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The MacLaurin family from the Fort William First Nation near Thunder Bay includes some status Indians and other relatives who are non-Indigenous band members, but who do not qualify for status benefits. (Courtesy of Damien Lee)
The MacLaurin family from the Fort William First Nation near Thunder Bay includes some status Indians and other relatives who are non-Indigenous band members, but who do not qualify for status benefits. (Courtesy of Damien Lee)

Fort William First Nation Chief to discuss status expansion with Ottawa Add to ...

The Chief of the Fort William First Nation says it is time for all children born to his people to be accepted by the government as status Indians and he is prepared to go to court to make that happen.

The community adjacent to Thunder Bay recently began upholding the rules it wrote in 1987 to allow non-status Indians, and even non-Indigenous people, to become members. The aim is to stop the slow assimilation of Fort William descendants into non-Indigenous society as First Nation members have children with non-native partners.

But, although the new members can vote in band elections and hold land on the reserve, they are not automatically registered by the federal government as status Indians under the Indian Act and are not entitled to the accompanying benefits, which include tax breaks and money for postsecondary education.

Read more: Fort William First Nation accepts non-Indigenous man as full member

Chief Peter Collins plans to change that.

“INAC [Indigenous and Northern Affairs Canada], you no longer determine who our members are,” Mr. Collins said in a recent telephone interview. “Fort William will determine who our members are. We will send you our list of who should be status Indians in our community and you will add them to your registry. This is our right to self-determination.”

The Indian Act contains a complicated formula based on the Indian status of the parents to determine who gets status and who does not. For instance, if a status Indian has a child with a non-status Indian, that child will get status, but the child cannot pass status on to their children if their partner is non-status.

As a result, there are many people who were raised at Fort William who do not have status, including the grandchildren of the former chief. “They don’t feel like they belong anywhere,” Mr. Collins said, “and yet their parents and their grandparents and their great-grandparents are status members of Fort William.”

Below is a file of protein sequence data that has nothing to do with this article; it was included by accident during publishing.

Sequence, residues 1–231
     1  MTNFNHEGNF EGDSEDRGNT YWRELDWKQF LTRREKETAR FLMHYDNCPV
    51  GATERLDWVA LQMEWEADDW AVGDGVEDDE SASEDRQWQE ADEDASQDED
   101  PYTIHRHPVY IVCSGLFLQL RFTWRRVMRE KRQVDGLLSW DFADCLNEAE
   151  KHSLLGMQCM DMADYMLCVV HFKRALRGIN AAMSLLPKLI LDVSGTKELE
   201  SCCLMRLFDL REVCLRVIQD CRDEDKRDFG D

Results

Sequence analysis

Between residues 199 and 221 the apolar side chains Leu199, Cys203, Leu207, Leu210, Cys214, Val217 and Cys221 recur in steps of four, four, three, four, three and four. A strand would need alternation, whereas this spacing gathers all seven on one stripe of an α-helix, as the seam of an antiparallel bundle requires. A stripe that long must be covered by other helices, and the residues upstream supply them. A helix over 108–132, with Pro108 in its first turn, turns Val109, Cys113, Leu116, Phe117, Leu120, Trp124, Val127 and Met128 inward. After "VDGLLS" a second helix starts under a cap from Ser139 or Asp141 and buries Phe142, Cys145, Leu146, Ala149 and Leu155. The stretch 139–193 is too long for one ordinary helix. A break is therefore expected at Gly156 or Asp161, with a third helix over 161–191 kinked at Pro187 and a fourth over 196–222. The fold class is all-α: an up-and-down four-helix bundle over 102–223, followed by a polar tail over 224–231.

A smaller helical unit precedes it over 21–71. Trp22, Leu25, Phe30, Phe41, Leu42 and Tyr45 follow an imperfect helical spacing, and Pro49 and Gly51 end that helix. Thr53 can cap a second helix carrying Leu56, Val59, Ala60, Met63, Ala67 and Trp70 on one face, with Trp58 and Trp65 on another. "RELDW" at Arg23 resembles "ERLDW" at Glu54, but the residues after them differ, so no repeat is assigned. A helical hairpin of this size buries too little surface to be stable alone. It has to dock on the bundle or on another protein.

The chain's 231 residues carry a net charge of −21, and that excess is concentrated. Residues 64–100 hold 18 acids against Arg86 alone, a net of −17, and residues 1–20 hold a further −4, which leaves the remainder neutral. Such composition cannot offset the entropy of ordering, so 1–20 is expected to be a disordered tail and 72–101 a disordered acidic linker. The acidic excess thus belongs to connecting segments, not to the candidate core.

The Indian Act allows non-Indian children adopted by Indians to gain Indian status. So, on the advice of an elder, Mr. Collins plans to use traditional ceremonies to adopt all of the non-status children, grandchildren and great-grandchildren who want to join the First Nation. Then he will demand that the government registers those people as status Indians.

“We are trying to instill [in the adoptees] those same opportunities and same benefits that we take for granted every day, day in and day out,” said Mr. Collins. “I disagree with them being lost in the system and losing their status rights. To me, the government is trying to make our community members extinct and, if they continue on this path, who knows what will be lost.”

Mr. Collins said he does not know whether Ottawa will be willing to accept traditional adoptions, which are not formally recognized by Canadian law, as the basis for granting status. But, if his plan is rejected, he said, “I think there will be a court challenge somewhere down the road.”

A spokesman for Indigenous Affairs Minister Carolyn Bennett said the government plans to completely overhaul the Indian Act and will not prejudge the outcome of those discussions. “I would point out that some bands have spoken out against expanding status requirements,” said James Fitz-Morris. “So there’s no unanimity on directly linking status with band membership.”

Indeed, Fort William’s leaders are taking the opposite tack to that in some other First Nations which are disenfranchising people who marry outside the community. But it is not alone in its desire to expand its membership and ensure that all members have status.

A resolution, introduced by the Skeetchestn Indian Band of British Columbia and passed by the chiefs of the Assembly of First Nations (AFN) in late 2015, called upon the government to stop using the Indian Act criteria to determine status and to allow First Nations to choose their members through customary adoption.

“We have to assert jurisdiction over our citizenship and not rely on the Indian Act to determine band membership or band status,” Perry Bellegarde, the National Chief of the AFN, said in an interview. “We’ve got to occupy the field and create our own citizenship acts because, if we stay under the Indian Act for determining citizenship, there will be no more status Indians in 50 years in Canada.”

Mr. Collins said he is aware that skeptics will accuse those who want to become status Indians of being motivated by the financial benefits. But that is a “racist” outlook, he said. “It is about giving the kids that should be status the status that they deserve.”

The government talks “about truth and reconciliation and they talk about the right to self-determination and they talk about all the good things like that,” said Mr. Collins. “And this is what we are trying to do – self-determination and truth and reconciliation; reconciling with the kids who lost their status because of the legislation that our communities didn’t agree to.”

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